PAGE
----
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Ruling may slow foreclosures in South Carolina

The Supreme Court of South Carolina on Tuesday ordered lenders not to proceed with foreclosures in the state until they can demonstrate that they have given troubled homeowners a meaningful opportunity to modify their loans.

Chief Justice Jean H. Toal, who issued the order, said in an interview that the action stems from frustration with lenders that are regularly negotiating loan modifications with borrowers while simultaneously pressing ahead to foreclose on those borrowers.

This so-called “dual track” process has created “a grand mess” in the court system, Toal said. Judges in the state say that foreclosure attorneys who appear before them are often unaware that the borrowers they are trying to evict are negotiating loan modifications, and the confusion creates unnecessary delays and burdens for the court, Toal said.

The dual track process has surfaced as a key problem across the nation, and several large lenders say they are working to eliminate the practice. In South Carolina, many judges attributed the problem to a breakdown in communication between lenders and the attorneys they hire to represent them in foreclosure cases, Toal said.

“It occurred to me that you’ve got to make the lenders have some sort of interaction with their own attorneys,” she said. “The attorneys are the ones that need to step in and be involved in the matter, and the lender has to empower them.”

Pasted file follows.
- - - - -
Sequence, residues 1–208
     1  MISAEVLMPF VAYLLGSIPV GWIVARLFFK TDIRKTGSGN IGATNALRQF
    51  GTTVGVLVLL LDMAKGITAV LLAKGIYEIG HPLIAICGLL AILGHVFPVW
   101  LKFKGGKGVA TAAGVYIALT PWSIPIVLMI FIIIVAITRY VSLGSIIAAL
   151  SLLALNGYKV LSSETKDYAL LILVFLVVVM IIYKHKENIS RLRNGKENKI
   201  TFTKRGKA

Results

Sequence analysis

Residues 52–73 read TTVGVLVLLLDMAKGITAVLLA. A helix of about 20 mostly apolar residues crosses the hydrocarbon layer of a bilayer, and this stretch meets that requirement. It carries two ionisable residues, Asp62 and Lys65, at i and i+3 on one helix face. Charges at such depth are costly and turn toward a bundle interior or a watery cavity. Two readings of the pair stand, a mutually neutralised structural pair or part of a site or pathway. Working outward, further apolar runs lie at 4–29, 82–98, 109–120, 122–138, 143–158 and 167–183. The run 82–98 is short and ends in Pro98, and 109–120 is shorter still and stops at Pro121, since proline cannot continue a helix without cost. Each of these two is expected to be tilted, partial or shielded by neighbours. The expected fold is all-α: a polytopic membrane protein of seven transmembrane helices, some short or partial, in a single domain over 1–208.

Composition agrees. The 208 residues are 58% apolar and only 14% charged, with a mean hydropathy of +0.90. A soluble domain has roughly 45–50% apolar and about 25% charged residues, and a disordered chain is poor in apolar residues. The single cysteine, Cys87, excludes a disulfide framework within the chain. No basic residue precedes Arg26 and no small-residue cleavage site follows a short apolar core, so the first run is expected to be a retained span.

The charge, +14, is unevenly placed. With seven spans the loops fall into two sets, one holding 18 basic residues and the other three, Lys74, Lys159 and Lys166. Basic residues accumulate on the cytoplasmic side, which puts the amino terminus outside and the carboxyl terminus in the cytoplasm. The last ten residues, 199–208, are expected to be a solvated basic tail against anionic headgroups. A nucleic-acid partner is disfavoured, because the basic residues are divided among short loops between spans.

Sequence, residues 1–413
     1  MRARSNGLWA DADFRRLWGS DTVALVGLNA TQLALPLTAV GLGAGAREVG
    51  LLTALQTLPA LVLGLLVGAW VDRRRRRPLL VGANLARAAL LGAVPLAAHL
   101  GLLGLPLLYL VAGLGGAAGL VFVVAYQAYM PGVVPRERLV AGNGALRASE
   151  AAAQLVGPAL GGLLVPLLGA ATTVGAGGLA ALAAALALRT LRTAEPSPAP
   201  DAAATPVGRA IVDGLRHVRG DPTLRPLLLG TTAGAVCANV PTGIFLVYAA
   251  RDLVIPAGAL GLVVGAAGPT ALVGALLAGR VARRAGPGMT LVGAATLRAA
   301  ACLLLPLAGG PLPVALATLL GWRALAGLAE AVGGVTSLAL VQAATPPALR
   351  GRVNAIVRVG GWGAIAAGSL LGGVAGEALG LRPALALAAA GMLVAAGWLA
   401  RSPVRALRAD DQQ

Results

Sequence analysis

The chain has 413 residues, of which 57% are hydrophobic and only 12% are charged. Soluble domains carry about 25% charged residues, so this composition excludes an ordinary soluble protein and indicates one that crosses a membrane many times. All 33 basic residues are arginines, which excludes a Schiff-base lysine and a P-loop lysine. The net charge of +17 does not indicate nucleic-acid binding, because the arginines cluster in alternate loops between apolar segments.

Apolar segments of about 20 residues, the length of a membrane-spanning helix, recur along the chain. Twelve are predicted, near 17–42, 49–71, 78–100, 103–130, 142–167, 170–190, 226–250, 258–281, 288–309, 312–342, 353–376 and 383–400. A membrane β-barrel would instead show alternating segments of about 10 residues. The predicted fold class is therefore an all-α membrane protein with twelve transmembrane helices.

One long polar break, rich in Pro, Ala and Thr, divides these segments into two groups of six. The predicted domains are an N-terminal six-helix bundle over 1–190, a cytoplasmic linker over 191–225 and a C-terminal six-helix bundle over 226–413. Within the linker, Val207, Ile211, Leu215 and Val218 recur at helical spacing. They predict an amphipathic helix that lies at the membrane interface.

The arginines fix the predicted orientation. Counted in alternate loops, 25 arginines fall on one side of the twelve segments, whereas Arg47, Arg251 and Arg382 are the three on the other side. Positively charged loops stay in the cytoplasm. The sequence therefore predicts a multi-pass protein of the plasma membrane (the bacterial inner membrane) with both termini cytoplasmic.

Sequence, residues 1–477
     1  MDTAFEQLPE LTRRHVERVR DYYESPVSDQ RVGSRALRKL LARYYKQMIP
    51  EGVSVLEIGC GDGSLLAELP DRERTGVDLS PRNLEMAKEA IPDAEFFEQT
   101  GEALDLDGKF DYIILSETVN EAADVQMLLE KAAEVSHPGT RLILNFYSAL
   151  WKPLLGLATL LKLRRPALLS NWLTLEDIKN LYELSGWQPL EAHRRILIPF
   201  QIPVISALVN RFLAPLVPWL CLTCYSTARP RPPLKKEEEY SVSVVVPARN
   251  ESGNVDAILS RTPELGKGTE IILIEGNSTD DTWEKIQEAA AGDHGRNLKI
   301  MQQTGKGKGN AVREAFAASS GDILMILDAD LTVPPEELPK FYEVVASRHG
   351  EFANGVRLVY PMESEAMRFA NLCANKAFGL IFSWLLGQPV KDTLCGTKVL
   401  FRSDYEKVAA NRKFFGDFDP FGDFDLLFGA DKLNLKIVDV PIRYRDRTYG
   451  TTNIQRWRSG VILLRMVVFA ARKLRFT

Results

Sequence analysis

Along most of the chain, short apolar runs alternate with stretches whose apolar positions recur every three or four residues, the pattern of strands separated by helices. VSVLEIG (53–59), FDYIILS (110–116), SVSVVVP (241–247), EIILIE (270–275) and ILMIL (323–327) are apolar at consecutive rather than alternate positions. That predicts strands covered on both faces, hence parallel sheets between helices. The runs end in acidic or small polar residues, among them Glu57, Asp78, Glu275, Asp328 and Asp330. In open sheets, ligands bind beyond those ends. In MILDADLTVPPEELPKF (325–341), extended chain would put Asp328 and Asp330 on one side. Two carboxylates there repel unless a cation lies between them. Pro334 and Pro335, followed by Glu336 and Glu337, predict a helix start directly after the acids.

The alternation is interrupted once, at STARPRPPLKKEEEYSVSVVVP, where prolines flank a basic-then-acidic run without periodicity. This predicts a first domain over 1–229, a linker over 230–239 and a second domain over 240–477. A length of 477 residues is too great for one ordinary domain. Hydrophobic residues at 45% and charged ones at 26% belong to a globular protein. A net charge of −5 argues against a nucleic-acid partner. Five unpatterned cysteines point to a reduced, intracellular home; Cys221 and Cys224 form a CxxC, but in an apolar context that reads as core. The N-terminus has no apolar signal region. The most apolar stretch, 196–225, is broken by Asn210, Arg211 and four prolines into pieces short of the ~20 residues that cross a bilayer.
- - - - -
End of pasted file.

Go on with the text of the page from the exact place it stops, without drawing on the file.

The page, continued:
To that end, the court order requires foreclosure attorneys to certify that a troubled borrower was given an opportunity to modify his or her loan. This applies to foreclosure actions pending on or after May 9.

If a loan modification is denied, the borrower must be informed in writing and given a chance to respond, the court order says.

Lenders and their lawyers can be sanctioned for not complying with the order.

Consumer advocates said similar systems are in place in New York and Connecticut.

Ira Rheingold, executive director of the National Association of Consumer Advocates, said he expects the order to cut back on foreclosures in the state.

“The order puts the onus on the lender’s attorney,” Rheingold said. “What [the chief justice] has seen is a broken system where the attorneys don’t even talk to their clients. Foreclosures will in fact stop because no attorneys can certify the things that the court is asking them to certify.”

The South Carolina Supreme Court had issued a similar order in May 2009, but it applied only to loans eligible for the federal government’s key foreclosure prevention program.

Dina ElBoghdady covers housing policy for The Washington Post.
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